My Uncle Dan in the brown and white striped shirt, and the Srilankan aquiantance standing with arms folded, first person on the left with brown trouser and white shirt.
Volunteering to tell the grade two class of my son's school an African folklore led to some very intreasting discoveries.
After showing the excitable 7 and 8 year old kids an old calender picture of Nigerian landmarks, i told them the only Nigerian folklore i know by heart, which is the "how the tortise broke his back story". At first i was filled with dread, i had never done such a thing before, but i was excited to tell them about Africa, and wanted to contribute something to the class project for the month "Africa". Being the first and only African they had ever seen made me a bit of a novelty, so dressed in a colorful Nigerian "skirt and blouse", and my "headtie", i went to the class half scolding myself for my "busybodyness". It turned out well, i relaxed after a while and the succeded in keeping the childrens attention as they laughed and giggled at my demostrations of certain parts of the story, its always such a delight to see children smile.
I was invited a second time to show them an African craft or a recipe i knew, so i chose the only craft i know,bead making, i took my bead collection with me and showed them how to make a flower pot decoration....but not before i had an incredlible experience, which is what i am actually intreasted in sharing.
As i walked into the school compound, there was an elderly man wearing an imbroided blue shirt that looked so farmiliar, and i wondered where i had seen that before. Then climbing upstairs to the particular class i was going to he followed behind with a thick black and white cloth that seemed undoubtedly farmiliar but i shrugged and walked on, untill the class teacher introduced me to a lady who also came to give a craft talk, she said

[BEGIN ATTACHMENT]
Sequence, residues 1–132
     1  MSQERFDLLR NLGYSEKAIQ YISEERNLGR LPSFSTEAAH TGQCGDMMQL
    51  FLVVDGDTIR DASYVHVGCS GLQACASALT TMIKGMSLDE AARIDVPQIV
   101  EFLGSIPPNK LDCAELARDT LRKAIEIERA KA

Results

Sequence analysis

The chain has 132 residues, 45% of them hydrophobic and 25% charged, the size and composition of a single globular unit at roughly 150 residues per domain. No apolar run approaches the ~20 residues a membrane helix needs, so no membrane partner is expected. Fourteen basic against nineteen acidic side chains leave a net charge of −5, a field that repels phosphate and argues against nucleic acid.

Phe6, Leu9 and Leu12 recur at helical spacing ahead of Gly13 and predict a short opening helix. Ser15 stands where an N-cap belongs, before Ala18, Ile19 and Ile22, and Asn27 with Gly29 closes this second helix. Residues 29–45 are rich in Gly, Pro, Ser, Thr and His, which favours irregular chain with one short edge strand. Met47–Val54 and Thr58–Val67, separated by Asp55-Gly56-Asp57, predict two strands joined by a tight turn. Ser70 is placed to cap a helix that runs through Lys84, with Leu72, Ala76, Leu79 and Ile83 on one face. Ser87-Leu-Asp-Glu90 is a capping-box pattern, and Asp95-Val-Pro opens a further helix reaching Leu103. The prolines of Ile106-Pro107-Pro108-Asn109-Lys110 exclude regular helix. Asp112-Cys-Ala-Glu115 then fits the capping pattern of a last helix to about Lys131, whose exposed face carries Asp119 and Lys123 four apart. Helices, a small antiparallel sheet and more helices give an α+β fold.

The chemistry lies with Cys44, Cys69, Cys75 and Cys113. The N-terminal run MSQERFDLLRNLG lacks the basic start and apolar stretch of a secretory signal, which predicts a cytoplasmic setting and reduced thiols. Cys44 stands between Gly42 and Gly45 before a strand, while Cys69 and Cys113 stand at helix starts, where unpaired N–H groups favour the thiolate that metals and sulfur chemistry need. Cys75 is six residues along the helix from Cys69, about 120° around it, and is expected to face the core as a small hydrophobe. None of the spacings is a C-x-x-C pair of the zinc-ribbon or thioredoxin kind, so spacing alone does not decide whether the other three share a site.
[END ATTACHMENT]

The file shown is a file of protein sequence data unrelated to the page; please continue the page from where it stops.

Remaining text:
" Mrs Jayawardana, meet Mrs Jayawardana,"
and we laughed at the coincident of having the same last names, then she asked which part of Nigeria i was from, an i answered
"are you from Benue", i said "yes", surprised at her knowledge of Nigerian States.
She clarified stating, "we lived in Gboko for ten years....."
and i was like, "My mother is from Gboko, i go there every now and then...."
We were both thrilled, she went on "my father worked in Benue Cement in the late eighties and nineties, more excited i said
"Waoh my uncle Dan worked in Benue Cement around that time too, maybe your Dad might know him..."
strolling in with the Tiv tradition ceremonial attire and an antique Staff was the man dressed in the blue shirt..I just went
'oh my God! Oh my God! ..thats the traditional attire of the ethnic group i belong to"
i exclaimed, surprised by the coincidence.
So the lady introduced me to her father, and told him am a Tiv lady married to a Srilankan, he was excited to meet me, he began his nostalig rendition as only old people know how to,
"i left Nigeria over twenty years ago....."
I asked him if he knew any Ichull, cos they are a big family in Gboko, so he said no, it doesnt ring a bell. So he went on showing me pictures of fulani normads and many others he had. Reaching a picture of him and his collegues he showed me and said
"these were my collegues in Benue cement then",
i collected it and looked closely at the aged picture and standing very close to the old man before me, is the younger verson of the same man, and my Uncle Dan in his beard still jet black.
"Oh my God, this is my uncle, this is my uncle" i said, so shocked .
"its a small world, the others around sighed, smiling politely at my dazed expression. We exchanged adresses and it turns out they live very close to me, (which in Srilanka is a major determinant for socialization).